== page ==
The potential for major gains means there is increasing influence for purchasing departments within businesses. These departments have an unprecedented opportunity to shape the evolution of the company through the suppliers on which it depends. Indeed, 67% of interviewees said network transformation was placed under the purchasing department’s wing. As a result, the department is becoming recognised as an important source of added value to the company. This can manifest itself in different ways. For example, we are seeing heads of product management and purchasing making joint decisions on product roadmaps and industrial strategies, based on what external suppliers can bring to the table. Purchasing managers’ influence is broadening into offering insights on the new competitive landscape and developing business metrics that go beyond cost management. But even if purchasing departments step up to the plate, are their companies really ready, in terms of resources and skills, to transition to smarter use of the evolving supplier network? Whilst some organisations are readying themselves for the future, others risk being left behind. These, and other conclusions will be revealed in the Sourcing Monitor report, to be published in June 2014. Find out more here: http:// inst.be/004PM
Methodology: The project team conducted 500 interviews with purchasing directors by telephone with purchasing directors between September 1, 2013 and February 17, 2014
Project team: Livia Gonzalez and Julie Micolle
There are very few incentives for procurement representatives to ensure the long-term stability of suppliers; low prices are what is rewarded. Few buyers look into the performance of the supplier, as long as the price is good.
SOURCING MONITOR INTERVIEWEE
In our experience, the reasons why traditional supplier development and management approaches are insufficient boil down to factors on both customer and supplier side:
These factors are exacerbated by some elements of procurement processes and practices, not least how purchasing teams are rewarded for their efforts. One BearingPoint Sourcing Monitor interviewee explains, ‘There are very few incentives for procurement representatives to ensure the long-term stability of suppliers; low prices are what is rewarded. Few buyers look into the performance of the supplier, as long as the price is good.’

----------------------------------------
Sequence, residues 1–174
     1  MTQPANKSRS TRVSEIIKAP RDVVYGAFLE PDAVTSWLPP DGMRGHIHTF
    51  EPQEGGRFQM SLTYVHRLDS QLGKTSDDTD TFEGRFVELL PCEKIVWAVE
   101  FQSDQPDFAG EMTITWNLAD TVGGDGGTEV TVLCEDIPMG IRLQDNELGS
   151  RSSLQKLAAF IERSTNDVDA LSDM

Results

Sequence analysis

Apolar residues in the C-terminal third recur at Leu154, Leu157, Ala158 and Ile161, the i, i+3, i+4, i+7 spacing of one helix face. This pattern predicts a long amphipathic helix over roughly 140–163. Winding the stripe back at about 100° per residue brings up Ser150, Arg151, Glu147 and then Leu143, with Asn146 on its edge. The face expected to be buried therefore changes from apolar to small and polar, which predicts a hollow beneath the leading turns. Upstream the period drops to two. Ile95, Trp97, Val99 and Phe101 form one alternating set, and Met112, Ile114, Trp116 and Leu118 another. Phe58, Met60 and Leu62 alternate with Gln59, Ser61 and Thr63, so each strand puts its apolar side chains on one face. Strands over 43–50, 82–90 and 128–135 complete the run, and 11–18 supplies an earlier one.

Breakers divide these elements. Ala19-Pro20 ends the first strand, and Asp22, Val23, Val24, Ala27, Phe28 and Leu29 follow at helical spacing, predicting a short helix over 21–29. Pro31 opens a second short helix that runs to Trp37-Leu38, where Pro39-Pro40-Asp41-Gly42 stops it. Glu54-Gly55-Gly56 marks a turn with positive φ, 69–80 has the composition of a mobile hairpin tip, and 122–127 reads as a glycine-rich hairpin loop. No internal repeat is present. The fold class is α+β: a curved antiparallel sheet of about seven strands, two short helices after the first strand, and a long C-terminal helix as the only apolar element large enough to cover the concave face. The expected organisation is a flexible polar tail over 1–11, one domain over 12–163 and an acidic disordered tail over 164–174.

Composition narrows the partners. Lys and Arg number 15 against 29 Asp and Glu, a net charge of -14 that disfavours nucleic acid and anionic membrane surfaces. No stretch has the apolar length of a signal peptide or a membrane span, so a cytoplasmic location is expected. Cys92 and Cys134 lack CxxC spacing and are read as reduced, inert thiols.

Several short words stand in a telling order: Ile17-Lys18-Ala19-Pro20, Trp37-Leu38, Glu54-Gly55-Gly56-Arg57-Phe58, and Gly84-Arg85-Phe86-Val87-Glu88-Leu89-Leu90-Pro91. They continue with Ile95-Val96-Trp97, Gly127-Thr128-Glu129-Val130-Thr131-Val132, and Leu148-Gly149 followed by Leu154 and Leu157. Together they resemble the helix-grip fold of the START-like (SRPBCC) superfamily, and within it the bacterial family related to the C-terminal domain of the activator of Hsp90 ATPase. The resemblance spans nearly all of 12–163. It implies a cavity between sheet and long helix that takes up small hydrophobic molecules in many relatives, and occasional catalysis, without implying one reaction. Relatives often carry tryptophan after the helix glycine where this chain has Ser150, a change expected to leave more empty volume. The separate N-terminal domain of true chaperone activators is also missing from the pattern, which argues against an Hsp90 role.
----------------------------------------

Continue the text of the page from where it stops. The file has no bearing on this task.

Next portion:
The overall effect is a lack of visibility and impetus when it comes to identifying and responding to supplier issues – customer organisations do not know when suppliers are running into trouble, nor do they necessarily feel the responsibility to act. These weaknesses were not so great an issue in times of plenty – after all, if suppliers were no longer performing, plenty of others could step in to take their place. This was the nature of early supplier risk-management approaches – in general, the attitude was, ‘If in doubt, throw them out.’
As the supplier ecosystem has matured and organisations have become increasingly dependent on their suppliers, however, the overall effect is increased potential exposure to risk (note 10). In this context the absence of information is resulting in problems not being identified quickly enough, increasing the levels of risk to which a customer organisation is exposed. Through the downturn, for example, in our client projects we saw an increasing number of situations where suppliers reached a crisis point, which was predictable in hindsight but was not spotted in time to take preventative action.